"The president pressed Putin, on multiple occasions -- Putin denied involvement, as I believe he has done in the past," Tillerson said in an off-camera briefing with Treasury Secretary Steven Mnuchin immediately following Trump's talks with Putin at the G-20 summit in Hamburg. “The two agreed this was a substantial hindrance to the ability to move the Russian, U.S. relationship forward,” Tillerson said, adding that the Syria conflict had been the primary point of discussion following a "robust" talk about Russia's involvement in purported election meddling.
Leaks have roiled the Trump administration since it took office, and the president's talks with foreign leaders and dignitaries have regularly found thier way to print. Trump was reportedly furious when The Post published complete, leaked transcripts of his private conversations with the leaders of Australia and Mexico in August 2017. Even the Post's own Jennifer Rubin called the brazen high-level leaks "frightening," noting that "it's shocking to see presidential conversations released in this way."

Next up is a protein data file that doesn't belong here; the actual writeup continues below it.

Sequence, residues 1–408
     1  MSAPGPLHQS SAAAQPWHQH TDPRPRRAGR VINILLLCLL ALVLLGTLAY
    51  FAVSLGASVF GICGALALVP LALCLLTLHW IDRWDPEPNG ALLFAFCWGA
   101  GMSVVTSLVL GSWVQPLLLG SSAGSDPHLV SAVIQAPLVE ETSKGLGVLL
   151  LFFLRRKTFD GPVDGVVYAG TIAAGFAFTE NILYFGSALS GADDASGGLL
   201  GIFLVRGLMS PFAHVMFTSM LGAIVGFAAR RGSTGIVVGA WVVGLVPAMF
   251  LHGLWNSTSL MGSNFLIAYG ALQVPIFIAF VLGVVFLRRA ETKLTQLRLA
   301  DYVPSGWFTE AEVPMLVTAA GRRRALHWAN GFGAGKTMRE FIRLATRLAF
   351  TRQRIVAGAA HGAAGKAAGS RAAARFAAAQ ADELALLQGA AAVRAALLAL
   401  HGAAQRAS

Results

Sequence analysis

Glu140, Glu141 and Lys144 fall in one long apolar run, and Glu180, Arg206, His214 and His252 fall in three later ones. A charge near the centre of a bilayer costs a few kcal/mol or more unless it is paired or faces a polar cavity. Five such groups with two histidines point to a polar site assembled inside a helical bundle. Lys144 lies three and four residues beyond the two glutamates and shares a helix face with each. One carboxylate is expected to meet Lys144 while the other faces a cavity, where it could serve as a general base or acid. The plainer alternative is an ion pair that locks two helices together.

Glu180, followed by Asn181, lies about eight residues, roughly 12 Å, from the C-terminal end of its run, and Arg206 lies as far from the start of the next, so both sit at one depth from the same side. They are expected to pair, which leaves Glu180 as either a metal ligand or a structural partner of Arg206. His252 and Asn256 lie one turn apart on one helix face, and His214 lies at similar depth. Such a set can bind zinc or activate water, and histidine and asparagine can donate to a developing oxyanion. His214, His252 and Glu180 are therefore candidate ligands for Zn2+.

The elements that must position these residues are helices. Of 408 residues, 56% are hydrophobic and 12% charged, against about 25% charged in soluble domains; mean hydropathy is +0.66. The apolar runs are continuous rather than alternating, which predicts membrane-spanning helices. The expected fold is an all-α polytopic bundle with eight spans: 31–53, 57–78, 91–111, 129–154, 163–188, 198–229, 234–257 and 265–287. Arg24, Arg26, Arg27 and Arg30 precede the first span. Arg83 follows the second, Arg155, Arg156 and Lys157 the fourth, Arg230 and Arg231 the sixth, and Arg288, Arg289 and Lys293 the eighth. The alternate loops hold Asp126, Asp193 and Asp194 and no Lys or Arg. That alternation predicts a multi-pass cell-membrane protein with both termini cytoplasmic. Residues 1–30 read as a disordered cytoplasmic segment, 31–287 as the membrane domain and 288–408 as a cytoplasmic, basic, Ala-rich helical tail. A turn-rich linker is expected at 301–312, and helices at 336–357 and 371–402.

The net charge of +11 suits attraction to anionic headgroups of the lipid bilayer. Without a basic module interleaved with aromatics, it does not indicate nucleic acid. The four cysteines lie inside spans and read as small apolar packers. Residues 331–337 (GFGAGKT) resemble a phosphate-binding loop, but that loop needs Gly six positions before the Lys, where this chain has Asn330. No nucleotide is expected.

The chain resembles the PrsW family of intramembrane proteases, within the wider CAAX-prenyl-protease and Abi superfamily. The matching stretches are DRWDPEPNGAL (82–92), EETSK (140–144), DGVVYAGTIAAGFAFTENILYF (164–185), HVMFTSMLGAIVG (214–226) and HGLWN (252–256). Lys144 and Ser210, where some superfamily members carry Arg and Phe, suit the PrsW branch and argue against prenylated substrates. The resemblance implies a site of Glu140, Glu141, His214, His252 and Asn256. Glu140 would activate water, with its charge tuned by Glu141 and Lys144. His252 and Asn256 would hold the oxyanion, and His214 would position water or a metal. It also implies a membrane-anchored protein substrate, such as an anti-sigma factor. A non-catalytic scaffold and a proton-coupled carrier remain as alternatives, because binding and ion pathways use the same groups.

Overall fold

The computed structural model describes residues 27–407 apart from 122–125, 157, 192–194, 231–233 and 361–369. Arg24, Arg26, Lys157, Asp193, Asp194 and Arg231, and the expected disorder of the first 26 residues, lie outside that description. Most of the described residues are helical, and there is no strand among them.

In May 2017, shortly before Trump's meeting with Putin in Hamburg, The Post, again citing "current and former U.S. officials," reported that the president had disclosed "highly classified" information to the Russian ambassador and foreign minister during an Oval Office meeting that month.
The secretive information, which Trump had the legal authority to declassify as president, concerned a plan by ISIS terrorists that was reportedly unearthed by a U.S. intelligence asset overseas. Trump, according to The Post, disclosed the location of the city in which the asset discovered the plot, potentially endangering the source of the information.